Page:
Almost half of HIV-negative people who participate in clinical trials for HIV vaccines end up testing positive on routine HIV tests -- even though they're not actually infected, a new study shows.
The reason: They underwent what experts call "vaccine-induced seropositivity/reactivity" (VISP), meaning that they possess immune system antibodies to the virus but not the virus itself. That's an important distinction, since routine HIV screening looks for virus antibodies only.
Experts pointed out that the results are not new or surprising, but simply underline the delicacies of conducting trials into HIV/Aids.
"You need to make sure to use other forms of testing for HIV, for example, viral load or p24 antigen, not just HIV antibodies. And people who've been in trials need to know their antibody status by the end of the trial," said Dr. Michael Horberg, director of HIV/AIDS at Kaiser Permanente in Santa Clara, Calif. "If it is a false positive but they do not have HIV infection, that would be very important for them to know, especially if they do repeat testing as part of good preventive health."
But a positive test can still carry stigma as well as insurance repercussions, noted Dr Jerome F. Levine, an infectious diseases specialist with Hackensack University Medical Centre in New Jersey, adding that "trials have had trouble recruiting people for this very reason."
The opt-out method
The findings are simultaneously being presented at the International Aids Conference in Vienna and published in the Journal of the American Medical Association (JAMA).
In this study of almost 2 200 people - all participants in HIV vaccine trials - 41.7% underwent VISP and tested positive for HIV antibodies. And those rates differed depending on the type of vaccine administered, ranging from 6.3% to 86.7%.
A second study published in JAMA, found that a screening program used in emergency departments where patients can "opt out" did not turn up very many new cases of HIV. These types of screening programs routinely test people entering the emergency room, regardless of their suspected level of risk or the presence or absence of symptoms.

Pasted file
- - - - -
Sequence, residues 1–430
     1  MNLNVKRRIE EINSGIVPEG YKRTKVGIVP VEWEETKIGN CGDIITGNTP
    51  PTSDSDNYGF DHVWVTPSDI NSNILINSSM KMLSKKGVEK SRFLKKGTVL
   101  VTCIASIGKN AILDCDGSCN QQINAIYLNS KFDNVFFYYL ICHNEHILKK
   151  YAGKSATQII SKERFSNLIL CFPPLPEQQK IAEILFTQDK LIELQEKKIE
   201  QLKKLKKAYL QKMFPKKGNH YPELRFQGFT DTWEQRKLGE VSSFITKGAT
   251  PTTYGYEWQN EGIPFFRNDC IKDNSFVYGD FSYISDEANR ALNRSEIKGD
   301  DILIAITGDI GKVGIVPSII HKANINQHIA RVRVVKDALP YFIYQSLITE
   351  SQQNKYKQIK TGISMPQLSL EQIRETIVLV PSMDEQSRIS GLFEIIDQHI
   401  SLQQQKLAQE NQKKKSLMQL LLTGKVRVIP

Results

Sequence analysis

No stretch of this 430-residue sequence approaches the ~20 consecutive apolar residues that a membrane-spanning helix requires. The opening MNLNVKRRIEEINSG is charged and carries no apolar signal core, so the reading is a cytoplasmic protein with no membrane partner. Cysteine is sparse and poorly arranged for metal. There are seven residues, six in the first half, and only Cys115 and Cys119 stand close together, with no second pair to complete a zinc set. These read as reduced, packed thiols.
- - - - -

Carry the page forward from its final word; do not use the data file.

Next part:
The study compared the effectiveness of the test in turning up new cases of HIV infection versus tests ordered directly by a doctor.
The "opt-out" program started being recommended by the US Centres for Disease Control and Prevention in 2006, but only in locales where the rate of undiagnosed cases of HIV infection rose above 0.1%.
Most health care facilities in the United States still don't use the opt-out method, said Levine.
This study took place in a Denver emergency department that annually sees about 55 000 patients. The hospital alternated from physician-directed testing to opt-out testing every four months over the course of two years.
First of all, the study found that only 25% of patients in the opt-out group actually agreed to a test.
Furthermore, close to 7 000 people were screened but only 0.15% turned out to be HIV-positive. Only 1% of the more than 21 000 patients who opted out were screened later and only 2.2% of those were found to be HIV-positive.
The small number of people who underwent HIV testing - only one-quarter - is a big limitation to the study, said Horberg, but that doesn't mean that such programs don't have value.
"Just because someone has a negative test, that doesn't mean that that testing wasn't successful," he said. "It may have raised the awareness of the patient. It may be prompting them to change their behaviour and to really do an analysis of what good preventive health they need to follow."
A third paper in the journal recommended that all cancer patients be screened for HIV. This might sway cancer treatment decisions, for instance, helping doctors and patients avoid drugs that suppress the immune system, the authors noted. - (July 2010)
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